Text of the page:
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J Clin Invest. 2005 Oct;115(10):2774-83.

A role for docosahexaenoic acid-derived neuroprotectin D1 in neural cell survival and Alzheimer disease.

Author information

1
Louisiana State University Neuroscience Center of Excellence, Louisiana State University Health Sciences Center, School of Medicine, New Orleans, Louisiana 70112, USA. wlukiw@lsuhsc.edu

Abstract

Deficiency in docosahexaenoic acid (DHA), a brain-essential omega-3 fatty acid, is associated with cognitive decline. Here we report that, in cytokine-stressed human neural cells, DHA attenuates amyloid-beta (Abeta) secretion, an effect accompanied by the formation of NPD1, a novel, DHA-derived 10,17S-docosatriene. DHA and NPD1 were reduced in Alzheimer disease (AD) hippocampal cornu ammonis region 1, but not in the thalamus or occipital lobes from the same brains. The expression of key enzymes in NPD1 biosynthesis, cytosolic phospholipase A2 and 15-lipoxygenase, was altered in AD hippocampus. NPD1 repressed Abeta42-triggered activation of proinflammatory genes while upregulating the antiapoptotic genes encoding Bcl-2, Bcl-xl, and Bfl-1(A1). Soluble amyloid precursor protein-alpha stimulated NPD1 biosynthesis from DHA. These results indicate that NPD1 promotes brain cell survival via the induction of antiapoptotic and neuroprotective gene-expression programs that suppress Abeta42-induced neurotoxicity.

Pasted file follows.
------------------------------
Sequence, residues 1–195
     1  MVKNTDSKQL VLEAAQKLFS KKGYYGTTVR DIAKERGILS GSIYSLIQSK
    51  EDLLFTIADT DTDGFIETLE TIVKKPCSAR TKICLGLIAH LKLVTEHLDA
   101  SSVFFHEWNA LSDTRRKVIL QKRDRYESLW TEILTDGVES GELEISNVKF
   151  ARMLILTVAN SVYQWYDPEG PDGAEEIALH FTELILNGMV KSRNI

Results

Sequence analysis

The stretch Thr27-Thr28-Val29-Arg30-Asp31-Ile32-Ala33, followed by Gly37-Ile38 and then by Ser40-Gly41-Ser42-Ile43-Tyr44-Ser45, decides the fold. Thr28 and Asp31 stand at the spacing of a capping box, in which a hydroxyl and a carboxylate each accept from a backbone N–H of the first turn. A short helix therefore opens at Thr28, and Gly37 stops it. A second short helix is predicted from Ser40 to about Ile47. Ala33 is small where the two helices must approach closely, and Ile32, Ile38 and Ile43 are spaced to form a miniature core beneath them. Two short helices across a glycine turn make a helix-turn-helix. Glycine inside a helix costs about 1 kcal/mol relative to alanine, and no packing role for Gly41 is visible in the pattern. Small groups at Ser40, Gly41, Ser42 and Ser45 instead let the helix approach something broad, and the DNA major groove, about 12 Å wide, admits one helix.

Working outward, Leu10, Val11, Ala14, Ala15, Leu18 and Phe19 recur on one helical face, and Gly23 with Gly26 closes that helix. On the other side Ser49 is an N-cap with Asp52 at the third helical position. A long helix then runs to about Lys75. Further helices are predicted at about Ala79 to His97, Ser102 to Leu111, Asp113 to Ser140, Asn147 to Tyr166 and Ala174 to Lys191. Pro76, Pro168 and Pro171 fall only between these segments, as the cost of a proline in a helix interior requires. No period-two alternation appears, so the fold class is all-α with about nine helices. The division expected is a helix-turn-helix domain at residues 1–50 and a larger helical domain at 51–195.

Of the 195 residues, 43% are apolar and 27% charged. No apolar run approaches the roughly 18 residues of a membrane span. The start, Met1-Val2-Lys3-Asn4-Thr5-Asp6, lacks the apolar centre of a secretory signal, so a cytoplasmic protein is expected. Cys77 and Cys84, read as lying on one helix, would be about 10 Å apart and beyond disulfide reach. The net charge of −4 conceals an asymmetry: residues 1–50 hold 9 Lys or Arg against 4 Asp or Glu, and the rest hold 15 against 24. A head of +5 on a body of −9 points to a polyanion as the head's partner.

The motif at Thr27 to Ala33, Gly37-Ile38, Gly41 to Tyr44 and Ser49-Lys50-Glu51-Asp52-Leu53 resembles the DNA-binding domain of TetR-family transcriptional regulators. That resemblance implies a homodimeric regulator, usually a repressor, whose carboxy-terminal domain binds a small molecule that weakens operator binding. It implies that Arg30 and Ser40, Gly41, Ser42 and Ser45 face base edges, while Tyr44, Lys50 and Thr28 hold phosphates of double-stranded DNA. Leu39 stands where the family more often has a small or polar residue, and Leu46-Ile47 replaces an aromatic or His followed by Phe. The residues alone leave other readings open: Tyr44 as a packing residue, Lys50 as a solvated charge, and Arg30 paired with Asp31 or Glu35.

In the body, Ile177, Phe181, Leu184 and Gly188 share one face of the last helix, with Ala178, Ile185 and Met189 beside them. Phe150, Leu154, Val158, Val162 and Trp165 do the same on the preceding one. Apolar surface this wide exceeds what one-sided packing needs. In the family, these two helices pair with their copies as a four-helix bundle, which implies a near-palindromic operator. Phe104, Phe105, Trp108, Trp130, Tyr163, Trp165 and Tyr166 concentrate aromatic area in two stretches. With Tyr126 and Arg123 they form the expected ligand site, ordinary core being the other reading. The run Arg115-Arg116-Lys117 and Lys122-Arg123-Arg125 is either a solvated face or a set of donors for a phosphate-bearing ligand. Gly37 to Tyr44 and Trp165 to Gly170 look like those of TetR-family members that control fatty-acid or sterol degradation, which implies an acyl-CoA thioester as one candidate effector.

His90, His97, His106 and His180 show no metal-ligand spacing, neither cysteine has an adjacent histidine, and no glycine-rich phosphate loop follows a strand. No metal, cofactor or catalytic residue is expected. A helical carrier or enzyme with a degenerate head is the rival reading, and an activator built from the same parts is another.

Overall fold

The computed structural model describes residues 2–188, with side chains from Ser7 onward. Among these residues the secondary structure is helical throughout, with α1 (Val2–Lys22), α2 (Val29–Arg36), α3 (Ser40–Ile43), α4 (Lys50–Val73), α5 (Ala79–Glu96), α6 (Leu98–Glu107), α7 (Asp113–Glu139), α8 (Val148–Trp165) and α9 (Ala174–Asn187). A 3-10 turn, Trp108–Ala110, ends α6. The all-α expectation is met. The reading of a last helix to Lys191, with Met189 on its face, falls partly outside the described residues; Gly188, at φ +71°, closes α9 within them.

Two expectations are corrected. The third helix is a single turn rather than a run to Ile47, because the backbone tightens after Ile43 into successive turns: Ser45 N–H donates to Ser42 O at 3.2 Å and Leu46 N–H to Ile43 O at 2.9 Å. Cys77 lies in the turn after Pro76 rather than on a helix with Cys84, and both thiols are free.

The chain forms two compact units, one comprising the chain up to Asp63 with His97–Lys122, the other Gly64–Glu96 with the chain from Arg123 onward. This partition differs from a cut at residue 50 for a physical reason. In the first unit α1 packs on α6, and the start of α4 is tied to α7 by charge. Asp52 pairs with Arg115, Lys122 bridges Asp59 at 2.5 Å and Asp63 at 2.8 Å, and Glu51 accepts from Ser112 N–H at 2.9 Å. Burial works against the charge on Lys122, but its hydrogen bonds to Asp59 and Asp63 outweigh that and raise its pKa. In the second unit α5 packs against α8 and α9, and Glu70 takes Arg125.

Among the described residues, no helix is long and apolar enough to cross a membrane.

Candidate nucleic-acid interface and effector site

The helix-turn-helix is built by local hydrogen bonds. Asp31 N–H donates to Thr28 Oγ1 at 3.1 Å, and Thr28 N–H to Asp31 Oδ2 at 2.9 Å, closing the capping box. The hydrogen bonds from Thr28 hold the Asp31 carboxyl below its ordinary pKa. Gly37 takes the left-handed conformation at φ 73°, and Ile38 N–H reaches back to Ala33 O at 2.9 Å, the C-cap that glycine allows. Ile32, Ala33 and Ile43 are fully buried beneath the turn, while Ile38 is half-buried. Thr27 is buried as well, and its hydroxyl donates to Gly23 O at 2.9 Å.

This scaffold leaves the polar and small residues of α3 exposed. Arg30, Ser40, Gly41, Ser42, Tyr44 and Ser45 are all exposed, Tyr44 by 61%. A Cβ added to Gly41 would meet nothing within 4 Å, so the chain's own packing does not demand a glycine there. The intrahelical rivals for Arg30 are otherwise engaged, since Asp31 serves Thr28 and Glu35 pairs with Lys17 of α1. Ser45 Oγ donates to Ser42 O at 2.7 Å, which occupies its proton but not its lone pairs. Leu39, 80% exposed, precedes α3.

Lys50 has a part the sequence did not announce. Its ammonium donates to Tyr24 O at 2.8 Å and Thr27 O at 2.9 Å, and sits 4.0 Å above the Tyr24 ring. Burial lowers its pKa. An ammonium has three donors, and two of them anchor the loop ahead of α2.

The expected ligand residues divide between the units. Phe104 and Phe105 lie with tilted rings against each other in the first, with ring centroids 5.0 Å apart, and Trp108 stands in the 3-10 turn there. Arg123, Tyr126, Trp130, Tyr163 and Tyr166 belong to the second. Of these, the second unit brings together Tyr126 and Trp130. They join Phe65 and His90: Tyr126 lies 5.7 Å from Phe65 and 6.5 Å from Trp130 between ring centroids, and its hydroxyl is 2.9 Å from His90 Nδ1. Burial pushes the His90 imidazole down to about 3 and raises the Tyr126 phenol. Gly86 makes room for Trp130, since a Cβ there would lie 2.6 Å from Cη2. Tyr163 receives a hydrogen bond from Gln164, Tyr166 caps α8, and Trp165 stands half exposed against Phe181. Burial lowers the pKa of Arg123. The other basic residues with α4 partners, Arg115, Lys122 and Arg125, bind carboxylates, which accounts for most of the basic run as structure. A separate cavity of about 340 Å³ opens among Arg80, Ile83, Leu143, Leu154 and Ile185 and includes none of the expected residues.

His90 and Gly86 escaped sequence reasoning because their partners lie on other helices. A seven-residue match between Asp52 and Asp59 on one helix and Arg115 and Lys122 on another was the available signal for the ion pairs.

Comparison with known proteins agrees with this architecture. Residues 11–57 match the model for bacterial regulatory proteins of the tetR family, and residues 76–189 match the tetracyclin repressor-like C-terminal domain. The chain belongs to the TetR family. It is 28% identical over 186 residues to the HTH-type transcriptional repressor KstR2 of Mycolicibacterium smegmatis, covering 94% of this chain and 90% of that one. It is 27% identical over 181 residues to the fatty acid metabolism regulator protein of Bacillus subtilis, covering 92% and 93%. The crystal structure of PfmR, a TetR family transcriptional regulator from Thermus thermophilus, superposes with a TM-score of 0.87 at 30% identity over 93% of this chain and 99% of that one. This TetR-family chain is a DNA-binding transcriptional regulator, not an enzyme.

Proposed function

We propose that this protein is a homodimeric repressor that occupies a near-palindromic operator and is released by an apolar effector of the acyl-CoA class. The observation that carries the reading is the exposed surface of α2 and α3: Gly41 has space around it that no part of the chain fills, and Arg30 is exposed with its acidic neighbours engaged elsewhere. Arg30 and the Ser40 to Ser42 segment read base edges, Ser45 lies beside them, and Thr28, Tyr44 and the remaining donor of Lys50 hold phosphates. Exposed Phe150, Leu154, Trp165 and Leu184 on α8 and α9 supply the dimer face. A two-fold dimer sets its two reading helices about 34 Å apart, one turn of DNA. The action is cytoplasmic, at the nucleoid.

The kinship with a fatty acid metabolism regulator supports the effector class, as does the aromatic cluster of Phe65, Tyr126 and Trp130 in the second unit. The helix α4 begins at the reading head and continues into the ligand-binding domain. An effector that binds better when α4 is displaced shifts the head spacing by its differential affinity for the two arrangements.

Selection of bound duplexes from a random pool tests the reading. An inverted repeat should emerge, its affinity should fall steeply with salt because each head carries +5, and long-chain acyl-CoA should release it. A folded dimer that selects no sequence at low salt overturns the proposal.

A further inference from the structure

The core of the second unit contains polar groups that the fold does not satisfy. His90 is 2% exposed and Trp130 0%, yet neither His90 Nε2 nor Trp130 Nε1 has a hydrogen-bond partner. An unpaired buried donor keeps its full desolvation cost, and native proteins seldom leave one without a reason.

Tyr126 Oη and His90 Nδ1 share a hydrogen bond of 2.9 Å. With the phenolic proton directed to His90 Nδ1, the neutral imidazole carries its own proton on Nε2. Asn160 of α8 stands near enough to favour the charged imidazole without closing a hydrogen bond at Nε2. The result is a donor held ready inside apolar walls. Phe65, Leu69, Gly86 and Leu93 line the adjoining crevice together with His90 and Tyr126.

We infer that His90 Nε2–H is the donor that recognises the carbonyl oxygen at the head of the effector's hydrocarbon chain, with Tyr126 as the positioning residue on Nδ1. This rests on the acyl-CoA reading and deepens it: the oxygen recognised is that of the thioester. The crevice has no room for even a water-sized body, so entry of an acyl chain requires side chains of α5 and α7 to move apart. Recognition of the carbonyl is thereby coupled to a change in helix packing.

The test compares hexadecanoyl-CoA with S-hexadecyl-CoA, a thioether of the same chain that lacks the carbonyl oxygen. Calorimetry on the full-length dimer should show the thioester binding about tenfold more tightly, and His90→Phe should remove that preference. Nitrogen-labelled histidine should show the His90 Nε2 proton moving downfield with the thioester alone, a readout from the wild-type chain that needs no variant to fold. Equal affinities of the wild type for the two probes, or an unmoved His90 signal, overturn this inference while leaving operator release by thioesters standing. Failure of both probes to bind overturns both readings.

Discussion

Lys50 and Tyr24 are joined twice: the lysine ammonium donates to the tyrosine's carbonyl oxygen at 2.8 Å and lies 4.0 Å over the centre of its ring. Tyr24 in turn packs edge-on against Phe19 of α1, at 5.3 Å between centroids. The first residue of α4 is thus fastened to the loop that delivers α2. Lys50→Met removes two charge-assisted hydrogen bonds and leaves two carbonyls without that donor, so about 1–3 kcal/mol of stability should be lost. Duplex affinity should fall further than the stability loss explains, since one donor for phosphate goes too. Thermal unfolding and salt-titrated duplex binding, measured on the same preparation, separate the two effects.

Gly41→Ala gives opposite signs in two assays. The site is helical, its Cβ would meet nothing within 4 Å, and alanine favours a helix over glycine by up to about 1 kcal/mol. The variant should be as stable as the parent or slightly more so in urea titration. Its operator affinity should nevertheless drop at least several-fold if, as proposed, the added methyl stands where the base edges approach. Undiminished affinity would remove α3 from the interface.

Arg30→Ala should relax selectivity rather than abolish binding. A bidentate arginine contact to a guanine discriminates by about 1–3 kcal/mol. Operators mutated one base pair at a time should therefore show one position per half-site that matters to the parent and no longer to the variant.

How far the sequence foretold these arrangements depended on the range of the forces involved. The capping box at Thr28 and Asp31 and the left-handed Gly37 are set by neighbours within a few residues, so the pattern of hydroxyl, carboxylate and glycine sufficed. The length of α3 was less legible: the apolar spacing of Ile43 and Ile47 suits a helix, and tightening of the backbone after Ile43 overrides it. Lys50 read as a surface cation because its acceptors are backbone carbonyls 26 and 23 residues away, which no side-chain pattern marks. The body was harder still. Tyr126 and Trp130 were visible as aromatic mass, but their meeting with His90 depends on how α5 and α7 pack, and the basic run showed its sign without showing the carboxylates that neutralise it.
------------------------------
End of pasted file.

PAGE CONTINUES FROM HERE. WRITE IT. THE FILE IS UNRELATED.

PMID:
16151530
PMCID:
PMC1199531
DOI:
10.1172/JCI25420
[Indexed for MEDLINE]
Free PMC Article

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